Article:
That verse from the Bhagavad-Gita (3.21), in every sense, held within itself the secret of the courage and strength that kept the Master himself going on despite the most adverse conditions, and it kept a fledgeling movement alive through the direst of adversities. The verse contains an idea which is, in fact, the crux of the Indic leadership model of which the Master, Harrison’s interlocutor in the exchanges mentioned above, was a great exemplar. And this Master was none other than His Divine Grace A.C. Bhaktivedanta Swami Prabhupada, the founder-acharya of the global movement known as the International Society for Krishna Consciousness, or more popularly, ISKCON. Swami Prabhupada appeared in this world on September 1, 1896 in Kolkata, India. In his purva-ashrama, or the stage of life before being initiated into the monastic order of the Gaudiya Vaishnava tradition, he was known as Sri Abhay Charan De. Born to a pious Bengali Hindu Kayastha father, Abhay Charan imbibed the values and ethos of the Bengali Vaishnava culture, the contours of which were defined by Sri Krishna Chaitanya Mahaprabhu who had appeared in this world exactly four hundred and ten years before Swami Prabhupada did. It was the name of Mahaprabhu which had inspired the ISKCON global movement’s name (‘Krishna Chaitanya’, translated into English, becomes Krishna Consciousness). Prabhupada wrote of the early influence of his father in the following words:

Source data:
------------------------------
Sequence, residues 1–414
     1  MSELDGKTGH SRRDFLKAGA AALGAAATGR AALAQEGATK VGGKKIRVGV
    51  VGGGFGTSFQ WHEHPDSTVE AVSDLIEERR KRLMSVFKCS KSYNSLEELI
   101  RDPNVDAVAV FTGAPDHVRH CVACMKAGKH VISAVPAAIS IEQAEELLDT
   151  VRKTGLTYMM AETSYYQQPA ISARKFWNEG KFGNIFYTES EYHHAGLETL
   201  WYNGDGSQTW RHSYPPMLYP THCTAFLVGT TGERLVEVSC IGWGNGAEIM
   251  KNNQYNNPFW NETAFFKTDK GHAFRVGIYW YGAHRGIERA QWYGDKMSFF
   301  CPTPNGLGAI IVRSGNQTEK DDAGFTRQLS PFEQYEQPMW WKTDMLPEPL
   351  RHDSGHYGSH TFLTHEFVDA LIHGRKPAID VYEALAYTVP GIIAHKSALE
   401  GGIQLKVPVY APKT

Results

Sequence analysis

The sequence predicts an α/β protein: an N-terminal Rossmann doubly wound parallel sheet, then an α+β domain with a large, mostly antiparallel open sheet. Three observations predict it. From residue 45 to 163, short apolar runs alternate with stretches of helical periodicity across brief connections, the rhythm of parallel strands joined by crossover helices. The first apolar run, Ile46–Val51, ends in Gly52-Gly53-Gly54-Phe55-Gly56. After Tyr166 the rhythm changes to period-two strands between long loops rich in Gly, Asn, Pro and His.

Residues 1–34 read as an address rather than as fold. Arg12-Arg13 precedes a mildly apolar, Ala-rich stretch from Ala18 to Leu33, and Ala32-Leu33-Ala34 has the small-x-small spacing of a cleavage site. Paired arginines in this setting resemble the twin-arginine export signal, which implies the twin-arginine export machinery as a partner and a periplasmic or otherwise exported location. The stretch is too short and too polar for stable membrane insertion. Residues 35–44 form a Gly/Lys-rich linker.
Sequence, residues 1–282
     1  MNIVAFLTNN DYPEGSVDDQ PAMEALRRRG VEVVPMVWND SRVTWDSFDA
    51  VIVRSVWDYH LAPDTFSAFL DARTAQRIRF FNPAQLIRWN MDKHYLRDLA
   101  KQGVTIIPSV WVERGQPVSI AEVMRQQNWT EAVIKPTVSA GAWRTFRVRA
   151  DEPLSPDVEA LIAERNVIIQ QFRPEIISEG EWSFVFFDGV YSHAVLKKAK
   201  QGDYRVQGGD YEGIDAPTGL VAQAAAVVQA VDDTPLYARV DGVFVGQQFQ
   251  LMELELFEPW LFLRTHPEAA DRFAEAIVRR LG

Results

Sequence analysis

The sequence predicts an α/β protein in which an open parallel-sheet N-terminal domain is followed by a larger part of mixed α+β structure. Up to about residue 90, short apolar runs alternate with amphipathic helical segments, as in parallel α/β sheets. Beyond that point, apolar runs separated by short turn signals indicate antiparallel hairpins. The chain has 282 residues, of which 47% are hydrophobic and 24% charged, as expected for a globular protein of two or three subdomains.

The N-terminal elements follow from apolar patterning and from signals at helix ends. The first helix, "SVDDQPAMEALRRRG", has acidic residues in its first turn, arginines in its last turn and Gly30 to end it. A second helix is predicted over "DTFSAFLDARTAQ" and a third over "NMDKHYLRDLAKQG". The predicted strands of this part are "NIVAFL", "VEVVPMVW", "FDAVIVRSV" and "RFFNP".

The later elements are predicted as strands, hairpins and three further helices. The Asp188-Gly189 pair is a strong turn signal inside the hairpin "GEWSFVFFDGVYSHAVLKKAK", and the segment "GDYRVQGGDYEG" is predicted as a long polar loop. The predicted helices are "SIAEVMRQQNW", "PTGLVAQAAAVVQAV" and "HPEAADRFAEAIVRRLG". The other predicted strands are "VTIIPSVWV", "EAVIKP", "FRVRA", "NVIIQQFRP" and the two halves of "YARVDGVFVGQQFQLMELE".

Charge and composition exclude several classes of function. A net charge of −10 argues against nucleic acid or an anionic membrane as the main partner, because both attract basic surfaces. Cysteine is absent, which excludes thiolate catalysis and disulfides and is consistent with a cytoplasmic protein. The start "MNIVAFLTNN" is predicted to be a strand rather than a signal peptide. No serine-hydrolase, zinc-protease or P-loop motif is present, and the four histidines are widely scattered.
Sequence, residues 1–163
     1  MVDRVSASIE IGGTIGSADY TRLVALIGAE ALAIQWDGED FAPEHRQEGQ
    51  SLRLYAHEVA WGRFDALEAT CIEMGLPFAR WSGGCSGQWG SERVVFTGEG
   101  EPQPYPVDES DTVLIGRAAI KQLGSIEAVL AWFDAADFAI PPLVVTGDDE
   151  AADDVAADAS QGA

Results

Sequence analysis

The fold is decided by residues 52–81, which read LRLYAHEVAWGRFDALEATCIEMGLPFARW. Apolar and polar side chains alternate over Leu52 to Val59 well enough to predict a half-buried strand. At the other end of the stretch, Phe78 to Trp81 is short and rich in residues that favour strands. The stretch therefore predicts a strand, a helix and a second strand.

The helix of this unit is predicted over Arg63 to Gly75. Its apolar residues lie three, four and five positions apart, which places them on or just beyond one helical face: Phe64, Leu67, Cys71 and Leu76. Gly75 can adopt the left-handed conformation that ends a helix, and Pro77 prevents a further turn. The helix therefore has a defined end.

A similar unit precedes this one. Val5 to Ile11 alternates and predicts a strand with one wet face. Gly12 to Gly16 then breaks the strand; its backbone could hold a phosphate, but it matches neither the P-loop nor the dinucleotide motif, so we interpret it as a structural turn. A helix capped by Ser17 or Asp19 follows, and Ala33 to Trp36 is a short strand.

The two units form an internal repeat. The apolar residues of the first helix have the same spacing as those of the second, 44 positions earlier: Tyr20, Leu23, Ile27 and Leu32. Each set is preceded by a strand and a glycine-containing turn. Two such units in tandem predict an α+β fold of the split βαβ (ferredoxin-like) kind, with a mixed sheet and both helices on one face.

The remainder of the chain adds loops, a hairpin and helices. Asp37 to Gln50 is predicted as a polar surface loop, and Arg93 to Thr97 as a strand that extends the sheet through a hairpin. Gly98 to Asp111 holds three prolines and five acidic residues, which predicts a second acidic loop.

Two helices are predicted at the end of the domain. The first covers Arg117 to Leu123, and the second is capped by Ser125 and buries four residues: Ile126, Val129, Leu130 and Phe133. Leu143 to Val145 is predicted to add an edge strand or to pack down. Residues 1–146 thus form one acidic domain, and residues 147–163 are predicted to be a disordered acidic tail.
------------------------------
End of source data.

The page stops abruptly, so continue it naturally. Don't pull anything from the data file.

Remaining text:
“My father, Gour Mohan De (1849 – 1930) [was] a pure devotee of Kṛṣṇa, who raised me as a Kṛṣṇa conscious child from the beginning of my life. In my boyhood ages he instructed me how to play the mṛdanga [i.e. the Khol, the instrument which is central to the Gaudiya Vaishnava Nama-Sankirtana performance, and which is believed to be a sacred abode of Hari]. He gave me Rādhā-Kṛṣṇa Vigraha to worship, and he gave me Jagannātha-Ratha to duly observe the festival as my childhood play. He was kind to me, and I imbibed from him the ideas later on solidified by my spiritual master, the eternal father.”